Every purchase agreement is a contract between a buyer and seller that binds both parties to the terms of payment and the condition of the property. For a Florida purchase agreement, the seller must include any relevant disclosure summaries about their property.
Once signed, this document holds both buyer and seller responsible for all conditions they establish. Therefore, the formulation of this document is a great place to safely and securely set all expectations and requirements for the transaction to proceed. A lawyer is generally recommended to aid this process.
One crucial feature of a real estate sale in Florida is the necessary disclosures regarding the property. According to Florida Statute § 689.261 (2021), the seller must provide a disclosure summary to inform buyers that property taxes may increase before executing the purchase agreement. Furthermore, the seller must disclose any defects in the property before signing a purchase agreement, as established by Johnson v. Davis, 480 So. 2d 625 (1985).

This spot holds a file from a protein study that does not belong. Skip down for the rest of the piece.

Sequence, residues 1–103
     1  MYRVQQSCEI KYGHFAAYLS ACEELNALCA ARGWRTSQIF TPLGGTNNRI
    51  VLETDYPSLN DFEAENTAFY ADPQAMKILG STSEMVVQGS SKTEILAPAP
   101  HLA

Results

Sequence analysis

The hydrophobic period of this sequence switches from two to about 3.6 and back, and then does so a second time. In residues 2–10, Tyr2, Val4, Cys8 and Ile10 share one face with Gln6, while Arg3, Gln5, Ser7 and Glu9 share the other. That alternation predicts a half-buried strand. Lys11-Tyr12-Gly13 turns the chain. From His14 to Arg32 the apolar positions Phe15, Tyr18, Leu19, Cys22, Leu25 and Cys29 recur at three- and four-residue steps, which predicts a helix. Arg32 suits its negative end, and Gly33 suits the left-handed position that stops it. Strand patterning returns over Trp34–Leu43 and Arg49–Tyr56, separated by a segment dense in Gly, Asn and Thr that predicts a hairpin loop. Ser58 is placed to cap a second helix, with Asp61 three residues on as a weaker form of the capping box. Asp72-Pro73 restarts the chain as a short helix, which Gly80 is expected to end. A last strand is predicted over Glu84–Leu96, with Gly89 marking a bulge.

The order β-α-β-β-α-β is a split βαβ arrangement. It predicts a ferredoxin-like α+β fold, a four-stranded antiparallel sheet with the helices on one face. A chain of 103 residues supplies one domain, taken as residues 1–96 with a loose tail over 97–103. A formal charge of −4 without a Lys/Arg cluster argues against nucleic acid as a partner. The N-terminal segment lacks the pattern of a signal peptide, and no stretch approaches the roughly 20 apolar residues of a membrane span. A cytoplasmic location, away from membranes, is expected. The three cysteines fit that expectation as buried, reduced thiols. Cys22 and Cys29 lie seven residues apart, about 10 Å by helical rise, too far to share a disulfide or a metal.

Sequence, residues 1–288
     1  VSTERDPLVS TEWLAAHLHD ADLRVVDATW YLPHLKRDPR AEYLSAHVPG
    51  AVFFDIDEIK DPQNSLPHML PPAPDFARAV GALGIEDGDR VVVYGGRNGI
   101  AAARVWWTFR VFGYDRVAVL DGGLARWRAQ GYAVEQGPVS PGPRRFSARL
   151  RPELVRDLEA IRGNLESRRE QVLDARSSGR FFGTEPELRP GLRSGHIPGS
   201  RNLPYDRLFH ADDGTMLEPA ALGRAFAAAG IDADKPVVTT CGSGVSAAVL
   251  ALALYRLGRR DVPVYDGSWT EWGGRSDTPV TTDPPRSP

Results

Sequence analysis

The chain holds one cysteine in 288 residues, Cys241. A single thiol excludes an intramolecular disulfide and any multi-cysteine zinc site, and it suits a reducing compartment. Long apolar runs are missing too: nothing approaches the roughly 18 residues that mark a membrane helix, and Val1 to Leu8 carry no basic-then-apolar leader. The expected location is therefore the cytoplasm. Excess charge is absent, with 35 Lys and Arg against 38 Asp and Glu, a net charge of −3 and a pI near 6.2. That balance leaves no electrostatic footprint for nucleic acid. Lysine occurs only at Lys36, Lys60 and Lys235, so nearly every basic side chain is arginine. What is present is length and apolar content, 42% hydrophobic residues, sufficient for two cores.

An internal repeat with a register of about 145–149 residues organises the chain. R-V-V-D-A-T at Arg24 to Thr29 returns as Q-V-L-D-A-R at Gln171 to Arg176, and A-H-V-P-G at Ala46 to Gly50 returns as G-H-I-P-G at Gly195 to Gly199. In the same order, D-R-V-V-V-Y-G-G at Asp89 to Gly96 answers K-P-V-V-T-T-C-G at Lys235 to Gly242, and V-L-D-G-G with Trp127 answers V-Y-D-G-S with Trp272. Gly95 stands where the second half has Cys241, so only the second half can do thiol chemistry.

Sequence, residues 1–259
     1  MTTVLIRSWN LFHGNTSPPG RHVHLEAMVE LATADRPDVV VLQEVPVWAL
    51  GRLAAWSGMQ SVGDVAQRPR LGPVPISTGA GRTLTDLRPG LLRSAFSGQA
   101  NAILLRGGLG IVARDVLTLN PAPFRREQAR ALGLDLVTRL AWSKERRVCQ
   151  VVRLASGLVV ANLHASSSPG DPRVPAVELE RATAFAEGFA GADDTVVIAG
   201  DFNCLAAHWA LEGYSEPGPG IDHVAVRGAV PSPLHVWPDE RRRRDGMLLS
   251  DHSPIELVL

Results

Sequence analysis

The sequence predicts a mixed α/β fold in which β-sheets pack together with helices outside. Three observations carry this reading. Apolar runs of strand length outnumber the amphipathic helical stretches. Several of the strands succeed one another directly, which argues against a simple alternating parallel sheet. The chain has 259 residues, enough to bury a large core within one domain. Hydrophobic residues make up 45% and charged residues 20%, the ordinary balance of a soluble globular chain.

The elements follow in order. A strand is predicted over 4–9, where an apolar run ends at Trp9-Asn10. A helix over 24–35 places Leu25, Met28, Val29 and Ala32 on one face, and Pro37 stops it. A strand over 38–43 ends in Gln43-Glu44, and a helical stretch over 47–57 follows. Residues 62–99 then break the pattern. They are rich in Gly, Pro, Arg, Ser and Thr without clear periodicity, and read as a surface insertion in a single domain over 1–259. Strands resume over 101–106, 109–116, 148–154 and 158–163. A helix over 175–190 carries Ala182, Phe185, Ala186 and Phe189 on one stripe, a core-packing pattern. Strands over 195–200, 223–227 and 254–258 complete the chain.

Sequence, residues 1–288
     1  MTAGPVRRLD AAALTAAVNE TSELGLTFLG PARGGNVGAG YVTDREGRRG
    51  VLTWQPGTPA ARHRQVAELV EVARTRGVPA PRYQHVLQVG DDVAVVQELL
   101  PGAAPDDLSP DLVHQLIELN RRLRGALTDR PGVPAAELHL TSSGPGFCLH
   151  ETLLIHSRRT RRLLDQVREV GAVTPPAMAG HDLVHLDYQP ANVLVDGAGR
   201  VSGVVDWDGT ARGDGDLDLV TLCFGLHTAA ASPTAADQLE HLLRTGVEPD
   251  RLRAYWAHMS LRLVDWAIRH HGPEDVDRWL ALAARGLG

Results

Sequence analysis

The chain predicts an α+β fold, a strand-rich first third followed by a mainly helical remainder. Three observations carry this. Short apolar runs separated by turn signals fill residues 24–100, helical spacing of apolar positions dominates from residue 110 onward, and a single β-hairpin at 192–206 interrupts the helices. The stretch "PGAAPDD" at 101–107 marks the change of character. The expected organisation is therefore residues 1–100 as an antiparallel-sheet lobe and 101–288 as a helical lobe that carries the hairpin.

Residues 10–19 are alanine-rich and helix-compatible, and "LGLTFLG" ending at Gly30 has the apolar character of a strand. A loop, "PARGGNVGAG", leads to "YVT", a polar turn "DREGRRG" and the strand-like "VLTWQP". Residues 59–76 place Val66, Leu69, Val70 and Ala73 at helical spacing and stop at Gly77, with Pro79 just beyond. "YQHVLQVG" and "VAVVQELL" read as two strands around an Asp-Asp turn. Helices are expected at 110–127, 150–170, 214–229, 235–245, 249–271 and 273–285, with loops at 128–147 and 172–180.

There are two ways a business purchase can be made: as an entity purchase or an asset purchase. Both will be discussed in detail below.
A stock purchase is also called an entity purchase. For this type of transaction to be made, a company will purchase the majority of another business’s stock. After this takes place, the new owner also acquires all debt and responsibilities of the entity.
An asset purchase agreement will outline the terms for a company’s tangible and intangible property to be sold. Through this process, materials like inventory and copyrights are transferred to the buyer while the seller’s company ownership remains intact.
When a plot of vacant land changes hands, the buyer and seller will complete a land purchase agreement, known as a VAC-14 where the price and contingencies are settled. Before signing this agreement, the seller must disclose any defects or facts which affect the land’s value.
Here are answers to common questions about Florida purchase agreements.